Benefits to Getting Pre-Qualified for a Mortgage

Posted by Mike Brown Group on Thursday, May 15th, 2014 at 1:41pm.

In the current economy, lending guidelines have become more restrictive. What this means for you as a consumer and potential homebuyer is that pre-qualifying for a mortgage is even more important than it has been in the past. Not to be confused with pre-approval for a loan, pre-qualification is a process by which you can determine how much house you can actually afford.

How Does Pre-Qualification Work?

Pre-qualification isn’t a commitment. Being pre-qualified doesn’t mean that you’ve agreed to a mortgage with any lending institution. You are under no obligation whatsoever.

All you need to do is find a lender you feel comfortable with. They’ll act as your advisor. Obviously, you want the best advisor you can get, so you’ll want to check out the lender – that can be as easy as looking for reviews and ratings online, or asking friends and family for a recommendation. It’s reasonable to expect that the lender you’ve chosen to advise you will, at some point, pitch their mortgage services – after all, assuming that you do pre-qualify for a mortgage, it wouldn’t make sense for them not to want your business. Again, though, remember that you are not required to use those services. At this point, you’re just talking with someone who understands how the industry works and can answer your questions.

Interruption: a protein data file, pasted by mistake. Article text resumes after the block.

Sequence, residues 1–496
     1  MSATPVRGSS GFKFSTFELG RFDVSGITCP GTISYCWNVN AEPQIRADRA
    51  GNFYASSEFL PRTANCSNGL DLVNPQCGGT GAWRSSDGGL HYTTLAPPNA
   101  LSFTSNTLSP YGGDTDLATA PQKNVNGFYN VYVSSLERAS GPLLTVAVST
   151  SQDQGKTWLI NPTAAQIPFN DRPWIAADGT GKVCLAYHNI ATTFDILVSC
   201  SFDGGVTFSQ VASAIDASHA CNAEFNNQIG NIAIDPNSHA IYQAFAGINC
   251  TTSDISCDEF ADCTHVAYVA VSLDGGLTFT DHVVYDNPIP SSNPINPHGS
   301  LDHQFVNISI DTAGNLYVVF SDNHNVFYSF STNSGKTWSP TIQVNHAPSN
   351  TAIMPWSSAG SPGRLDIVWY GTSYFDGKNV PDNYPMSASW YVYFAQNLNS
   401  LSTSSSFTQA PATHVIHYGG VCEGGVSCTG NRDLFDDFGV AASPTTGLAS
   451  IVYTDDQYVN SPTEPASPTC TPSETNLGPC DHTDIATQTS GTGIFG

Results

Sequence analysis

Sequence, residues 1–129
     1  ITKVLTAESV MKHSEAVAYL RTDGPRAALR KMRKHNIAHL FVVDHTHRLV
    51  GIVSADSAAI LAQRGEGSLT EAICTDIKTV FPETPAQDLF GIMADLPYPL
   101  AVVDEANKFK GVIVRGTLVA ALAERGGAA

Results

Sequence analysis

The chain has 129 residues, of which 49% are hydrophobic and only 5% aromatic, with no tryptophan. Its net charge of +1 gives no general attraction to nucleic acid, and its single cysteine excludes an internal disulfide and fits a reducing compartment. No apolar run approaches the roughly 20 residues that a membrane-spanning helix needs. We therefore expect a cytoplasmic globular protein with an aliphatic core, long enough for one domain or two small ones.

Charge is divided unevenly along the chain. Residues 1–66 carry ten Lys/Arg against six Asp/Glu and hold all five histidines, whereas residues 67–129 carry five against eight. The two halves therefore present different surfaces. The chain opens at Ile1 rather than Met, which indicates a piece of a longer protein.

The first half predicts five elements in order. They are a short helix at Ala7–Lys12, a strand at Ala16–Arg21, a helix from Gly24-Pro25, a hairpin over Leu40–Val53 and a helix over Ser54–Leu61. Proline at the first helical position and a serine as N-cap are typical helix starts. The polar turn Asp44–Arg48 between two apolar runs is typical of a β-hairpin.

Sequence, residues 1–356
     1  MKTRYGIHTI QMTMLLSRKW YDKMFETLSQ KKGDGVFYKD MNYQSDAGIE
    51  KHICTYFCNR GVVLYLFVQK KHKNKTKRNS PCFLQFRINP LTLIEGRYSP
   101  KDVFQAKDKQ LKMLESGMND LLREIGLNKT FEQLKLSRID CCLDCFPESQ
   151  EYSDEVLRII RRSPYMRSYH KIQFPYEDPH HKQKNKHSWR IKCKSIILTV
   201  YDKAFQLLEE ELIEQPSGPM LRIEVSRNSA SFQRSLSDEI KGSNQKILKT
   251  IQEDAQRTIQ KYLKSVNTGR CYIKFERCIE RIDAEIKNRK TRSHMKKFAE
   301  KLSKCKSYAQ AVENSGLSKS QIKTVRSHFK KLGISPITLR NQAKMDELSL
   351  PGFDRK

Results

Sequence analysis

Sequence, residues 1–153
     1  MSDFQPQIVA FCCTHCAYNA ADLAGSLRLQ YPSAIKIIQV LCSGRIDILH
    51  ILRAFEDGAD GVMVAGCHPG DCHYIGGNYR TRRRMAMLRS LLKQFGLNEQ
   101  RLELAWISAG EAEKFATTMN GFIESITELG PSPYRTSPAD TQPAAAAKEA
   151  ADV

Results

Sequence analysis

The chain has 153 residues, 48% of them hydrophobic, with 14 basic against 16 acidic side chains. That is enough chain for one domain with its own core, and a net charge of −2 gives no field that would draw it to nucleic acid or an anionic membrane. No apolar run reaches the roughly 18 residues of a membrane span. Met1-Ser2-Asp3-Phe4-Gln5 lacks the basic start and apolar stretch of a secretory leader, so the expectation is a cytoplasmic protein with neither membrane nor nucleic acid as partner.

It’s all about knowing where you stand. There’s very little point in looking at ocean-view properties with tennis courts, swimming pools and multi-car garages if what you can reasonably afford is a three-bedroom ranch with a nice little back yard.

What Do I Need to Bring With Me?

When you meet with the lender you’ve chosen to advise you, bring the same information that you would bring with you if you were actually applying for a mortgage. You’re not required to do this, but it helps the lender to narrow the focus a little more. If you can bring pay stubs, a credit report from all three credit bureaus (TransUnion, Equifax and Experian), and copies of your tax returns for the past year or two, that will greatly assist the lender in helping you to decide exactly how much of a mortgage you can reasonably afford. If you have a co-purchaser, bring their information as well.

Be as accurate as humanly possible, and resist the temptation to mislead if there’s something undesirable in your credit background, or a gap in your employment history. You might get a pass in the pre-qualification stage, but once you get to the point of actually applying for a mortgage, it’s practically a given that the lender to whom you’re applying for the mortgage will unearth whatever it is you’re trying to hide.

What you’re trying to do is give the lender who’s advising you on your pre-qualification an accurate, consistent financial picture. They’ll help you pre-qualify, and once you’ve got that step out of the way, you can go shopping for your new home.


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